The waiting takes the longest

In my last post I talked about some of the mistakes we feel like we made early on in our GAPS journey. We’ve been working now close to two months on trying to correct those mistakes. It feels like we’re in a holding pattern of sorts and the waiting certainly takes the longest.

I long for the day when I’ll be able to scream from the rooftops that Raleigh’s eczema is 100% gone — just as I can say about his asthma. His asthma IS 100% gone, and I can’t even remember the last time I heard a wheeze. But the eczema does persist. Of course, it is nothing like it was. It is no longer severe, and lately we’ve battled cuts more than eczema it seems. We believe Raleigh gets a dopamine rush when he cuts his skin open and creates a gash or wound. When cuts attempt to heal, they itch, so he wants to itch them, pinching his skin and re-opening the wounds, perpetuating the cycle. Sometimes I sit and think about all of these odd little elements that make up this whole journey for us, and think to myself how isolating this journey is. I also find myself thinking often that these are the parts, these unseen parts, that just no one can possibly understand. They are unique to us; they have to be, right?

It’s interesting to me that the intense feeling of isolation, and feeling like an outsider in a journey like this, has not dissipated, not even a little.

Currently we are giving Raleigh a therapeutic dose of probiotics daily and still slowly increasing to find his optimal threshold. According to Dr. Natasha, he should be at this level for a minimum of six months. We are almost to two. We are also working at getting the correct dose of HCL to help his low stomach acid so that he can properly digest foods. We feel like this has been neglected and a missed area of importance in Raleigh’s healing. Something as simple as digesting food isn’t so simple. It should be, but it isn’t. The majority of Raleigh’s bowel movements float which means he isn’t digesting and absorbing fats from his food. That is very problematic, as the saturated and unsaturated fats he is consuming are incredibly important in aiding his body to heal, and I feel like I look at his bowel movements far more often now than ever before.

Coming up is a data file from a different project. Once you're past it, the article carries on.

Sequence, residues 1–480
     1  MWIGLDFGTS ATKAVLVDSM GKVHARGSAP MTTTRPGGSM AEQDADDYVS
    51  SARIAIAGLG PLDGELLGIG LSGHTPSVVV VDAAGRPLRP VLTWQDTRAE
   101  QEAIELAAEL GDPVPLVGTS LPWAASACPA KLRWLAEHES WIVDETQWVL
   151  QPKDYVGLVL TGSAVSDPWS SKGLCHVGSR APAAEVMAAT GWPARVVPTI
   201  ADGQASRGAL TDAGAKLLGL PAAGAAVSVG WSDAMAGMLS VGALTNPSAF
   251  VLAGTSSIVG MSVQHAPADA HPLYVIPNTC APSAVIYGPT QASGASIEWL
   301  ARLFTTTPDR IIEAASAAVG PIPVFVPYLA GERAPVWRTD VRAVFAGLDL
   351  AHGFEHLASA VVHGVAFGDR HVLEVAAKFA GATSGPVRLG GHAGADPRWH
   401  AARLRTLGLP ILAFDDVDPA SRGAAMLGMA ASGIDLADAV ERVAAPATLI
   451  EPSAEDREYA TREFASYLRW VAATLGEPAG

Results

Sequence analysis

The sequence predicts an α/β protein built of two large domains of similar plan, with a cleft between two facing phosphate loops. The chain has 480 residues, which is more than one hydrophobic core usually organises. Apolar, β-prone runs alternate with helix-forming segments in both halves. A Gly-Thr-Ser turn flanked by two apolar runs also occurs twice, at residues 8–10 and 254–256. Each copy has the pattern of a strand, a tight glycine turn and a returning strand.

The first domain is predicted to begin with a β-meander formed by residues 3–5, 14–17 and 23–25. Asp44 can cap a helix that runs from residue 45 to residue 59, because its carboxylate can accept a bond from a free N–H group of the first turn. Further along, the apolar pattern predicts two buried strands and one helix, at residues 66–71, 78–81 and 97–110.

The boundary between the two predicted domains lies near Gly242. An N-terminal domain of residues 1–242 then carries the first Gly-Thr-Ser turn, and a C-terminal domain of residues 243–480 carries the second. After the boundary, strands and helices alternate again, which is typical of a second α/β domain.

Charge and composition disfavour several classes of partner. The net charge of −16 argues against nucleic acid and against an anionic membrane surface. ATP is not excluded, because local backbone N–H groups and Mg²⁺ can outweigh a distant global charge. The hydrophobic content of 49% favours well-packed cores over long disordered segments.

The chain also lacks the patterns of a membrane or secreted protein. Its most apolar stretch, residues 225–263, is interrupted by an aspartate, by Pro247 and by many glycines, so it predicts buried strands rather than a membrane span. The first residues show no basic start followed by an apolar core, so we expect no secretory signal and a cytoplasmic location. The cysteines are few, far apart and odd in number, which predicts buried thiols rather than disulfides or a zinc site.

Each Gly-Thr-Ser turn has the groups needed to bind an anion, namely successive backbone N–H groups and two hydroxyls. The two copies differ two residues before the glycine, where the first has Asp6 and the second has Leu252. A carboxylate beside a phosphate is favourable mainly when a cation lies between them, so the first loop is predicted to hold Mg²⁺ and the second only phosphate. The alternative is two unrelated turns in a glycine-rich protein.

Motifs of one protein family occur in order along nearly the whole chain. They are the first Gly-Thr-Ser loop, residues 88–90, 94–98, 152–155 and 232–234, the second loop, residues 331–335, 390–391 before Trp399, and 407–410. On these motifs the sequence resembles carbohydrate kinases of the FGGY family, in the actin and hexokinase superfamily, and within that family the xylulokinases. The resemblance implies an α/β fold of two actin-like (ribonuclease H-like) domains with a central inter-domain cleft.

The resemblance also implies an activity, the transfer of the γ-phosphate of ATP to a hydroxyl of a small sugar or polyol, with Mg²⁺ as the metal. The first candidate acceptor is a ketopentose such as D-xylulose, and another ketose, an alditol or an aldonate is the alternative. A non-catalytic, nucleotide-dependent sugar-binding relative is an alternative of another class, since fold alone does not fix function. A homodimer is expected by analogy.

I know one day I will look back on this time and perhaps feel like it was “a flash in the pan” for my life as a whole — for Raleigh’s life as a whole. But when you’re in the middle of your Hero’s journey, the journey feels long, arduous, unending, and you don’t know how close you are to the end. I have days where I certainly sink back down into the depths of despair and those relentless, negative thoughts arm wrestle for space inside my mind. But I also have days where I see light and hope and am encouraged. It is the devil on my left and the angel on my right; my mind is a battlefield.

I often remind myself that all I have is today, and today is just one day. Things may be bad, or good, or stagnant, but it’s just a day in a lifetime of days; and it’s all I’ve been given or promised, so to it I should be faithful. And that helps. God has been faithful to us every day of this journey, and the days have morphed into years at this point. Raleigh is healing. He is a different child. Our sacrifice, dedication, perseverance and commitment have given him something Western medicine could not. Beauty has come from ashes.

Thank you for following Raleigh’s journey — we continue to put one foot in front of the other every day and will do so until he is fully healed. Follow me on Instagram @findingforrester4 for more day-to-day updates.

 

Blessings,

Danielle

 

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